Wrap-up of recent classes: Baskets as your transition piece between some postures, more dragon tongue kick work, play the pan pan, merry go rounds, microcosmic orbit, heaven and earth hands. Moving tension, anger or yang energy by living from the back of your spine and ‘swallowing your pride’. Learning to recognize yang aggression in others. Stirring the can of paint with your hips. Parry re-direct and your center line. Single whip. Thirteen postures (and hey on Thursday we did the full floor, made it all the way to the mirror)! Monday, a light holiday attendance — discussed the ‘springing’ action of compression/expansion with your bubbling well energy and more finite detail work on shoulder-strike, white crane, and dragon tongue kick.
Student News & Events: Heard from Ellen W via Email, she has been out with some musculoskeletal issues and says ‘hi’ to everyone; send some positive healing thoughts on her recovery. Our sincere condolences from our Tai Chi family to Deb O who lost a family member last week. Welcome back Christine H. For some of you West Chesterites from Chester County Night School tai chi, there is a Raqs Sharqi belly dancing class on January 30 at 6.30pm at http://www.eatdrinkOM.com There is a free talk on treating common illnesses with complementary homeopathic medicine, by Kristen Santangelo at Lionville Holistic Health Center on January 29 at 7p http://lionvillehealth.com/blog/ Coming soon: hoping to try landing a time slot for a Tai Chi class at Eat Drink Om Yoga Café in West Chester. Also, how many of you would be interested in a Body Openings class locally? If any of you work near Philly on Tuesday evenings there is a Qigong fundamentals & healing sounds group class through Meetup.com at 7pm– see http://www.meetup.com/PhillyTao/ Congratulations to my nephew and his new bride, Jason & Brittany. Welcome@ ajctaichito, @bjackson165 in California and @nuneborac our Twittersphere.
In the world of internal arts, the term “Crush” corresponds to the wood element in Chinese medicine and is part of the 5 element Hsing-Yi practice and energy matrix of the universe in Taoist cosmology. It aims to mimic a fist growing out of the body, or an arrow darting. In 2013, in my journey back to amateur writing, blogging, journaling, columns or essays, that energy matrix has yielded personal influencers of a crush-worthy nature. Artisans who have begun to show me that who I am on paper (or screen) is meaningful, worthwhile and still relates to internal arts and Tai Chi. That I see vindication of my style or approach in some of their writing is further encouragement that I have been on the right path. I used to wonder if throwing the occasional pop-culture or non-internal arts reference and humor into one of my newsletters was off-putting or un-relatable. That is until I discovered the books and podcasts of Paul Read (“The Beancurd Boxer”) who’s work has shown me, that for a relative beginner who has come to this art late in life (not a Karate Kid was I), it is a little easier to grasp something when crafted in my own language (see his crazy funny One Last Thing: The History of the Martial Arts Philosophy). I also want to thank Mark Saltveit (The Tao of Chip Kelly), Tim Larkin (Survive The Unthinkable), Mark Salzman (Iron and Silk), Sifu Anthony K (Flowing Zen blogs and articles), Peter Wayne (The Harvard Medical School Guide to Tai Chi), Deng Ming-Dao (The Wandering Taoist) Gail Reichstein (Wood Becomes Water) Dan Kleiman (Qi Gong Radio podcasts) and Bruce Frantzis (energyarts.com) whose words or voices I have been fortunate to have encountered or were recommended to me. Outside of Tai Chi, though still journalists I geek out over, I want to also mention music writers Peter Cooper, Brian Mansfield and Robert K. Oermann. Lastly, a special honorable mention of Owen Gleiberman who I have followed now and again over the years and whose amazing recent article for Entertainment Weekly about Robert Redford’s career inspired me to change my digest topic this weekend http://insidemovies.ew.com/2013/11/30/robert-redford-is-an-underrated-actor/Just like Tai Chi, writing is an art and a discipline, inspired from the heart, requiring practice and patience. And I want to thank students and teachers of United Tai Chi and all of our readers for sharing both with me this year. I was fortunate to have also found, in our instructor Christian, a ‘voice’ who’s teaching style resonates with the type of learner/listener/reader/writer that I am.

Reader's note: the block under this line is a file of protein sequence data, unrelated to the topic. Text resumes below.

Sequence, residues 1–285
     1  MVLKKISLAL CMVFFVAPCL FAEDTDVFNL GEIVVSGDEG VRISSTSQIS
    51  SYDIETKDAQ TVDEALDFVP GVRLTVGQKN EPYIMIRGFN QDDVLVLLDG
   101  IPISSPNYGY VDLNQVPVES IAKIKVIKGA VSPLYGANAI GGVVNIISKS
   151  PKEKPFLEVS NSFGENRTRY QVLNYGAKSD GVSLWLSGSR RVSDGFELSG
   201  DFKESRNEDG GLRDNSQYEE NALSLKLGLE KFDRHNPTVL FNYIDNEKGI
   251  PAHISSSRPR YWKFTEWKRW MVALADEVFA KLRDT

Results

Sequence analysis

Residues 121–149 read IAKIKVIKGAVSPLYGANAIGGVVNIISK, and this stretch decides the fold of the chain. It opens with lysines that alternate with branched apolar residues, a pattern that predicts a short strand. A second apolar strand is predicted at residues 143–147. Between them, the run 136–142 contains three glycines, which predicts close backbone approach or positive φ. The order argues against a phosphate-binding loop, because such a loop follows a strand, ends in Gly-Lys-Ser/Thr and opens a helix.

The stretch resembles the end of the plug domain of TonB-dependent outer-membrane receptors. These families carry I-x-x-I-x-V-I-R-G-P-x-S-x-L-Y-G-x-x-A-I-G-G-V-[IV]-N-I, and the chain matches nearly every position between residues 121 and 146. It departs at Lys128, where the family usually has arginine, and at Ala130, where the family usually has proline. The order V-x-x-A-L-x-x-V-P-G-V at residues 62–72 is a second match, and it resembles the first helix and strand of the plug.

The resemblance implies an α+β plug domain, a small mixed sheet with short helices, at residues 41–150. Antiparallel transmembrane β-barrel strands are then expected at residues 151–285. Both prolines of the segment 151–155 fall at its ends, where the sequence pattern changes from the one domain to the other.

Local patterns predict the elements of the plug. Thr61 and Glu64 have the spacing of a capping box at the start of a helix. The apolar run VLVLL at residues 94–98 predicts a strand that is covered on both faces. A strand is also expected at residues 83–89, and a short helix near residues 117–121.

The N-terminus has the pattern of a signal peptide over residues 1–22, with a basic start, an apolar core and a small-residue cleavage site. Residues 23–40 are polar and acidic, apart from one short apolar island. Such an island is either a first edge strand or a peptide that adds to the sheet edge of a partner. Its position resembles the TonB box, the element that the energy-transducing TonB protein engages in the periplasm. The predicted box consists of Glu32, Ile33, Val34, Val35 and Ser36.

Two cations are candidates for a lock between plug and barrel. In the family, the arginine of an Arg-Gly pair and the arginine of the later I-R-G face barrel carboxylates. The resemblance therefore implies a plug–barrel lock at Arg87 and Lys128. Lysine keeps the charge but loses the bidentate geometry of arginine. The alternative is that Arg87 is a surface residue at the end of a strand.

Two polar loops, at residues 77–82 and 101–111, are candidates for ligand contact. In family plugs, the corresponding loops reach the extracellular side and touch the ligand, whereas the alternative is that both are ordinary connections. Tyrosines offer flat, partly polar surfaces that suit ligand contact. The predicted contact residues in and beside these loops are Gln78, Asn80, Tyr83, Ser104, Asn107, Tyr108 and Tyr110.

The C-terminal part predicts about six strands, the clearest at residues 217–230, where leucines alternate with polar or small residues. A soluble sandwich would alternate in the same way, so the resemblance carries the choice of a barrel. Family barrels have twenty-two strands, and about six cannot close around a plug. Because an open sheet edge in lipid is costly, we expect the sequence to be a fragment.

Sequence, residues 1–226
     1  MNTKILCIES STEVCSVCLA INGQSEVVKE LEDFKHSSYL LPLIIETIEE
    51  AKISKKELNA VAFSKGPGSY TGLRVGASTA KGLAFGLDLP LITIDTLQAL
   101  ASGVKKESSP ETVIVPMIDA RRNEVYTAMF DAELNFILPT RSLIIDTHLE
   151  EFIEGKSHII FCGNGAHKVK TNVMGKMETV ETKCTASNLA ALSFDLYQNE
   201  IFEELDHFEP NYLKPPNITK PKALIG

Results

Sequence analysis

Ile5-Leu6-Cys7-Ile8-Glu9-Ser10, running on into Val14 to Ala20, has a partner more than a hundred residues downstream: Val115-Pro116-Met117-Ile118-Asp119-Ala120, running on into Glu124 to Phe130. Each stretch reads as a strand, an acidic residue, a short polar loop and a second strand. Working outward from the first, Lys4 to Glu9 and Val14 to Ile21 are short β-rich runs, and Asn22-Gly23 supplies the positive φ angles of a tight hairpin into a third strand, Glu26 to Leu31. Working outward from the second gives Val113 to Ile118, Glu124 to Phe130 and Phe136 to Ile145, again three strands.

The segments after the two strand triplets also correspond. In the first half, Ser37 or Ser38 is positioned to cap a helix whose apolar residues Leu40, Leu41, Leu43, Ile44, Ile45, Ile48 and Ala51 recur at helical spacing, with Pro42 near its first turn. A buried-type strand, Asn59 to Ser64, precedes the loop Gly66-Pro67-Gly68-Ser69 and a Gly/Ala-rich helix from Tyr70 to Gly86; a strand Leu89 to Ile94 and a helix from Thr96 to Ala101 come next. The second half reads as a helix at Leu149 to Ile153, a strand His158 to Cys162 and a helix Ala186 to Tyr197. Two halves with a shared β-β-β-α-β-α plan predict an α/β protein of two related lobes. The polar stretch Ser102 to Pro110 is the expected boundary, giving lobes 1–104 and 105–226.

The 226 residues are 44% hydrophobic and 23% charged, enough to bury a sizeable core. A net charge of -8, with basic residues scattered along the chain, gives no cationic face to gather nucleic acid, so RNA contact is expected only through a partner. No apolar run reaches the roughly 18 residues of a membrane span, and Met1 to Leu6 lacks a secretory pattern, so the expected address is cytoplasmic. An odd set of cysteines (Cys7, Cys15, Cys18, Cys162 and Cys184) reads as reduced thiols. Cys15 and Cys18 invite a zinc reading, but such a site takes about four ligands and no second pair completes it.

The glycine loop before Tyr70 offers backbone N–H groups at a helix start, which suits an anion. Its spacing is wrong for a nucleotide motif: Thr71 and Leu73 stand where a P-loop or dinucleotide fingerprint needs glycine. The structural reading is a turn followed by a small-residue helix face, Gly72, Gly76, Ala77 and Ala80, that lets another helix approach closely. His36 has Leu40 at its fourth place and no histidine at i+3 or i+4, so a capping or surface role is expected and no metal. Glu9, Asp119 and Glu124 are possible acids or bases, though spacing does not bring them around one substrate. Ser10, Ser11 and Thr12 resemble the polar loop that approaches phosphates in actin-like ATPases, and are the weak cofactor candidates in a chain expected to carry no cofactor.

New class alert: Starting January 6th, six session Monday night tai chi class at East Bradford Elementary School in West Chester, 7.30pm. $62 pre-pay, and you order course #14WFH710 from http://www.chestercountynightschool.org. Please read their snow/closure policy for classes held inside a school building.
Wrap-up of recent classes: ‘Serve the fruit’ warm-ups, right side Tai Chi and Left side Tai chi, thirteen postures. Inhale and exhale stories. Cleansing breath, gathering breath, calming breath. Neck exercises as part of the standing 10. Finger and palm connections in “press” and “shoulder strike”. Eight pieces of brocade. Parts I and II of Yang 108. Thanksgiving take-away: seeing my 3 year old grandnephew demonstrate a great rendition of “folding”.
Student News & Events: Annual holiday breakfast thank you for Christian, Friday December 6 at 8:45am (following the morning class) at Penn’s Table, 268 Eagleview Blvd in Exton. Truck loading day for our Angel Tree youth sponsor gifts you guys helped contribute for is Thursday morning December 5 at the Lionville Y. An early Christmas present—reached 1,000 Facebook followers! Red Cross blood drive Friday December 20 also at the Lionville Y, join our life saving mission with a donor appointment at http://www.redcrossblood.org and use our sponsor code of lionville (or sign up at the Y). Welcome back Carl to the morning classes. Welcome a reader in Croatia to our WordPress newsletter. Welcome @aharkins1 from Florida and @LoveLightandQi from the UK to our Twittersphere. Rest in peace to a fallen outdoorsman, marine biology fan, humanitarian/activist, film actor and Brazillian ju-jitsu student, Paul Walker this past weekend.